A. No one knows, but it is a bold move. It was tried in Japan during the 1990s, with mixed success. Fans of the policy say it stopped the Japanese economy sliding deeper into trouble.
Q. If it doesn't work, what is the next step?
A. The so-called "helicopter drop", when the Bank creates new money without buying up any assets. The most famous example of this happening was when Taiwan started giving out $100 shopping vouchers to its citizens, forcibly encouraging them to spend and pump more money into the economy.
Q. There must be a down side to pumping money into the system like this, isn't there?
A. Yes, there is a risk that it is seriously inflationary. A few years' hence we could suffer, as the Weimar Republic did in the 1930s, from hyperinflation, which would send prices shooting upwards.
The Bank insists this is not a serious risk, because it is pumping money into the system for a limited time to target the acute shortage of cash in the economy.
Bank of England gambles on printing extra money
By Edmund Conway, Economics Editor
06 Mar 2009
The Bank of England took a historic "step into the unknown" yesterday by pledging to create £150 billion of cash to pour into Britain's stricken financial system.
It pledged for the first time in its 315-year history to effectively use printing money as its main means of controlling the economy, warning that this was the only way to prevent Britain from suffering a lengthy recession and potentially becoming mired in deflation. The move means that, for the first time, interest rates are no longer the primary tool for monetary policy, with the Bank instead pumping cash directly into the system.
It announced the radical step after cutting Bank rates by half a percentage point to an all-time low of 0.5 per cent yesterday - the lowest that the Bank judges it can go without causing the entire financial system to malfunction.
The decision to create more cash, announced by the Bank's Governor Mervyn King, and the Chancellor of the Exchequer, Alistair Darling, was regarded as a last-gasp measure for the authorities to prevent Britain from sliding into a 1930s-style depression.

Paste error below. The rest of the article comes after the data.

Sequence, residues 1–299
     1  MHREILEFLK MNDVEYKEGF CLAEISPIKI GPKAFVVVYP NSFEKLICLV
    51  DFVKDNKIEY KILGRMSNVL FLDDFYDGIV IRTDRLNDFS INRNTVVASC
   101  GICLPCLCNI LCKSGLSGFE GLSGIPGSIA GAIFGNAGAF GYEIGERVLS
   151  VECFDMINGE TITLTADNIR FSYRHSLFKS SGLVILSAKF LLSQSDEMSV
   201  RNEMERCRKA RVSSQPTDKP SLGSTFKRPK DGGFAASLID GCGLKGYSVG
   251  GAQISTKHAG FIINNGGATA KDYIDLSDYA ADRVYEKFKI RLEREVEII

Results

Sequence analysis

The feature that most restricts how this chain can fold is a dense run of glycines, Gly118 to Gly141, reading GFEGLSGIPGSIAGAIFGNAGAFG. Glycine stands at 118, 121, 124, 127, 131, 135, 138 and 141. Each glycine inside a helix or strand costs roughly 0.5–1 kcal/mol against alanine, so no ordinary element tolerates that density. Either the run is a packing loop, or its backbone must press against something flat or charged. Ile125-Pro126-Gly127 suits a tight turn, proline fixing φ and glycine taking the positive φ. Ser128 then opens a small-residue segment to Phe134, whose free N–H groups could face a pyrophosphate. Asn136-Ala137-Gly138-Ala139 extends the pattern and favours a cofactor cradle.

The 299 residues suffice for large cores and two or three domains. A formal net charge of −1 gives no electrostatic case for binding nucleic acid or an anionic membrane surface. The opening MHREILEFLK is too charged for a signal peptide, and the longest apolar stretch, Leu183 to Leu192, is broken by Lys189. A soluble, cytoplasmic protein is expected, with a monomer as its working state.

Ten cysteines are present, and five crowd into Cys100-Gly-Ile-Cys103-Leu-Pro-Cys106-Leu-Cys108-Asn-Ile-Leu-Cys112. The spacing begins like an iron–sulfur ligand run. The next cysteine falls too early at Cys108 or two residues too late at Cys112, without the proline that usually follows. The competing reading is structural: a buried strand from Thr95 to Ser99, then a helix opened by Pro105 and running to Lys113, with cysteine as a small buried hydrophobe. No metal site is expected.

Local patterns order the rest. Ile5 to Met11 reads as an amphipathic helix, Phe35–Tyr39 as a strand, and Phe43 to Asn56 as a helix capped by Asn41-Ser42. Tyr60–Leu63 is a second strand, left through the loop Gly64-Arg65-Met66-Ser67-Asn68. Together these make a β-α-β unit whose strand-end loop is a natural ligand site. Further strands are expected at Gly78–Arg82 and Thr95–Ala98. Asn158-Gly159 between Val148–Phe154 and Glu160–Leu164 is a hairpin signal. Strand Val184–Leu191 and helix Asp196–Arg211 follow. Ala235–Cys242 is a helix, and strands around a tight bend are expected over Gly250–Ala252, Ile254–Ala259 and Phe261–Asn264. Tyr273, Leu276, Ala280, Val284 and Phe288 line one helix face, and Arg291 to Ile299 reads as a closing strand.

However, with little evidence that so-called quantitative easing has succeeded elsewhere in the world, experts voiced fears about the consequences of the "nuclear" economic measures.
Some fear that the extra infusion of cash will generate uncontrollable inflation several years from now, consigning Britain to a long period of either high prices or perhaps even Zimbabwe-style hyperinflation. Others said they were worried about the economic legacy for future generations, with the policy textbook having effectively been torn up.
A member of the Bank's Monetary Policy Committee, Andrew Sentance, described the new post-interest rates world as representing "a step into the unknown".
Under the new system, the Bank will keep interest rates at 0.5 per cent for the foreseeable future and will attempt to boost the economy by buying a variety of assets from investors such as pension funds and insurance companies.
Importantly, however, it will pay for these assets not with a pre-raised cache of funds but by creating new money and transferring it to the investors. Mr King said that the Bank would create up to £150 billion, with the first £75 billion to be spent in the next three months, starting next Wednesday. The total is equivalent to just under £5,800 for every household in Britain. "The world economy has turned down very rapidly since last autumn, the amount of money is not growing at all, and the economy is in a recession, so we need to increase the supply of money," said Mr King.